Tuesday, April 23, 2013

Study Reveals Weight Gain Resulting From Quit Smoking Does Not Nullify Heart Benefits

A new study concludes that weight gain due to stop smoking will not negate the quit smoking benefits gained by the heart. 
The study examined data obtained from 3,251 adult participants. On an average, the participants were 48 years old and did not exhibit any symptom of cardiovascular diseases at the beginning of the study. During the course of the study, it was seen that those who had stopped smoking, gained an average weight of six pounds in the four years after smoking cessation. It was also observed that the participants, who didn’t smoke, gained an average of three-pound weight in the same four years. 
A periodic physical assessment of the participants was also carried out and this showed that 631 cases of cardiovascular ailments had evolved within a period of 25-years. However, it was also observed that during that period, the percentage of people addicted to smoking, was reduced from 31 to 13 percent.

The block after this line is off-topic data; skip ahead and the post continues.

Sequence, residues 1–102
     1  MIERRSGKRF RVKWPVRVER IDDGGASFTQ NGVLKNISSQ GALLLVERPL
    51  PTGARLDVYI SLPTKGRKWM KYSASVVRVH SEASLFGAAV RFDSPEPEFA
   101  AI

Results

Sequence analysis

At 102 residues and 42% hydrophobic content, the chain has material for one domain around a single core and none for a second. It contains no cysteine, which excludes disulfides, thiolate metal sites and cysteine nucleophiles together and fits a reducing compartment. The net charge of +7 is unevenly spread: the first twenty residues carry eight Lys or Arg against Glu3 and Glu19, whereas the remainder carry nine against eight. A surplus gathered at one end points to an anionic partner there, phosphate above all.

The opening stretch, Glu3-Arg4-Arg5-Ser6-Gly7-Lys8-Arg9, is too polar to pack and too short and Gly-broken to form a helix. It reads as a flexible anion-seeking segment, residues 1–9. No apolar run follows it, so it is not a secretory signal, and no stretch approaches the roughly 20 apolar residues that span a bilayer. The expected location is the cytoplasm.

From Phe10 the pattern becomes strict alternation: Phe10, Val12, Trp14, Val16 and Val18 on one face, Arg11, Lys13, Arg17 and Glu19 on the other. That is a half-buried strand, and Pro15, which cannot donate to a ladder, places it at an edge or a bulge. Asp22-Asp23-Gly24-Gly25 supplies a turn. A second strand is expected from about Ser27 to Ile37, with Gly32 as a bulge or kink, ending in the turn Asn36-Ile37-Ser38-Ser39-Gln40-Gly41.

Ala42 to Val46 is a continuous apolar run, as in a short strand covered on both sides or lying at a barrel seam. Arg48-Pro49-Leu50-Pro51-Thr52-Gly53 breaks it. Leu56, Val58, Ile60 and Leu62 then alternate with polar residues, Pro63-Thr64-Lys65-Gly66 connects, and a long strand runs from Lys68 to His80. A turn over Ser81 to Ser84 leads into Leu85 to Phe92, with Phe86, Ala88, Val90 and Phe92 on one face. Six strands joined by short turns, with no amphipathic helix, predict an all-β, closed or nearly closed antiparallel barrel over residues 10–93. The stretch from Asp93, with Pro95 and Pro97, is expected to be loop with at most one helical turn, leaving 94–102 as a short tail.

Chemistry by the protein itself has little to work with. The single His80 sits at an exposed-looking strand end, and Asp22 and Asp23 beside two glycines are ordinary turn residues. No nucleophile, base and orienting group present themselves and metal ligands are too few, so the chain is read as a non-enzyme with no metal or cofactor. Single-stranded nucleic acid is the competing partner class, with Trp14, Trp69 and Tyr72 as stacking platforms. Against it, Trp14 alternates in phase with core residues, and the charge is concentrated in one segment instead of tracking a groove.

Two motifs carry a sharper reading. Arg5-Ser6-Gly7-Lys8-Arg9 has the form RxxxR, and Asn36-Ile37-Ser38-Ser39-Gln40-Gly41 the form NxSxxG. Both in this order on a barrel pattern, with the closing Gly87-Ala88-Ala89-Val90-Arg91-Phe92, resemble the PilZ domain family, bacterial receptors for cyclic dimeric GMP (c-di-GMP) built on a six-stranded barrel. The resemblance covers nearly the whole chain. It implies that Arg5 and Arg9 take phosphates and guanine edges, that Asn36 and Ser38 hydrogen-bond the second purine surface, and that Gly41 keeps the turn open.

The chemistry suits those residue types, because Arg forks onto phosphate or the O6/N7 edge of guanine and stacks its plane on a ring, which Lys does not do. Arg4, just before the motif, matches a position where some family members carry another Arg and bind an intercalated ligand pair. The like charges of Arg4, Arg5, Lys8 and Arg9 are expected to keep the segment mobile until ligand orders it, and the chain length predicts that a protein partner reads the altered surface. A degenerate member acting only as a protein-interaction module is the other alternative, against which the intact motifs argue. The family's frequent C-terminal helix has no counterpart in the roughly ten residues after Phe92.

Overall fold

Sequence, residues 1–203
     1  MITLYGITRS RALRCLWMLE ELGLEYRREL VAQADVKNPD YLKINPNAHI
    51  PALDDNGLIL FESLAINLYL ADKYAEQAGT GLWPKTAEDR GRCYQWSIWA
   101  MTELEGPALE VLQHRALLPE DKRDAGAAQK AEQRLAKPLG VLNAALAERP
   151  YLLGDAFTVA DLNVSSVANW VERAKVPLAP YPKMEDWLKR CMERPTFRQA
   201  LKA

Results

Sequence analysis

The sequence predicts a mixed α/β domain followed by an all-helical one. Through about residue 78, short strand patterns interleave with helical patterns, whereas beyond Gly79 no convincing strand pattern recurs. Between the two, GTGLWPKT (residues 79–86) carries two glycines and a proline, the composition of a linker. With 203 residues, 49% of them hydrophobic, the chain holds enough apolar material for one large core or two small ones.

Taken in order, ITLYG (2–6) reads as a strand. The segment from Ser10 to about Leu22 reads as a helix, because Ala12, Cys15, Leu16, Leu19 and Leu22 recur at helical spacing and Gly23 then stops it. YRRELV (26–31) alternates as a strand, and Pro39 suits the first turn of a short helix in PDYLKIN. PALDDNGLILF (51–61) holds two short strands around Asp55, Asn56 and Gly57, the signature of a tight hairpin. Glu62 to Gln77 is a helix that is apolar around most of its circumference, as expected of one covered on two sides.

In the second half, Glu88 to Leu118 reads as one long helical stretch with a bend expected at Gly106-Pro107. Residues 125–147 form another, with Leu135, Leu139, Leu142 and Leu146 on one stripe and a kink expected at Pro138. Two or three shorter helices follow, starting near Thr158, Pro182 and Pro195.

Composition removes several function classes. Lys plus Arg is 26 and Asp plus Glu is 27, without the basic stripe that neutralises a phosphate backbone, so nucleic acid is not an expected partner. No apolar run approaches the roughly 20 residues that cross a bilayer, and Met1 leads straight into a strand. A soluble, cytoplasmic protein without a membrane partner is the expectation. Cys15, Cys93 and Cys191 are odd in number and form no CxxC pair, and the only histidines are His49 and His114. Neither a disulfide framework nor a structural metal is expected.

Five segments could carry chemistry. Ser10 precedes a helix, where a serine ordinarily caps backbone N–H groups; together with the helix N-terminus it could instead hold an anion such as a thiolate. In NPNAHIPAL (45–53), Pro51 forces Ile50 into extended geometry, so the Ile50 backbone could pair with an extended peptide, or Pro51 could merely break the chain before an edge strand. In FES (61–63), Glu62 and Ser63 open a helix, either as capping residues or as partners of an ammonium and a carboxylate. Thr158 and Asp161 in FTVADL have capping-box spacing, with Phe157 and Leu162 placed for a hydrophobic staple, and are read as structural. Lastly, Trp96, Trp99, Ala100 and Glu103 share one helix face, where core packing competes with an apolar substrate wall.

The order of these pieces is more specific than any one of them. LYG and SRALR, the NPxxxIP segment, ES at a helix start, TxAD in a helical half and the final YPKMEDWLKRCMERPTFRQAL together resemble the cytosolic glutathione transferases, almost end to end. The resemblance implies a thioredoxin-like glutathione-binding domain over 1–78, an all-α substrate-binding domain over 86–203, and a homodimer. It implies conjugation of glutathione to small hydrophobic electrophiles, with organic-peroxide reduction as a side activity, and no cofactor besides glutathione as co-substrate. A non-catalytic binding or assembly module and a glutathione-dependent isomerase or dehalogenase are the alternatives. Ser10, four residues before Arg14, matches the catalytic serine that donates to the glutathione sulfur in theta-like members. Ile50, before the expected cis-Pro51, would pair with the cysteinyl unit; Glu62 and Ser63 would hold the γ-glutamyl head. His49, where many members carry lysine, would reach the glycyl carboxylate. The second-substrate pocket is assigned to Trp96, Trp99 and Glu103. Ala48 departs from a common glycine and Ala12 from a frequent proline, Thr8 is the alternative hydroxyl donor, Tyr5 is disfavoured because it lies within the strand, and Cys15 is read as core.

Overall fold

The study led to the conclusion that in comparison to the people who continued to smoke cigarettes, those who stopped smoking were able to reduce the risk of cardiovascular ailments. However, the study also revealed that the people, who quit smoking, were able to lower the risk of cardiovascular diseases, irrespective of the amount of weight gained by them. 
The study was published in the 13th March issue of the “Journal of the American Medical Association.”

Source: washingtonpost.com, Date: 26th March 2013

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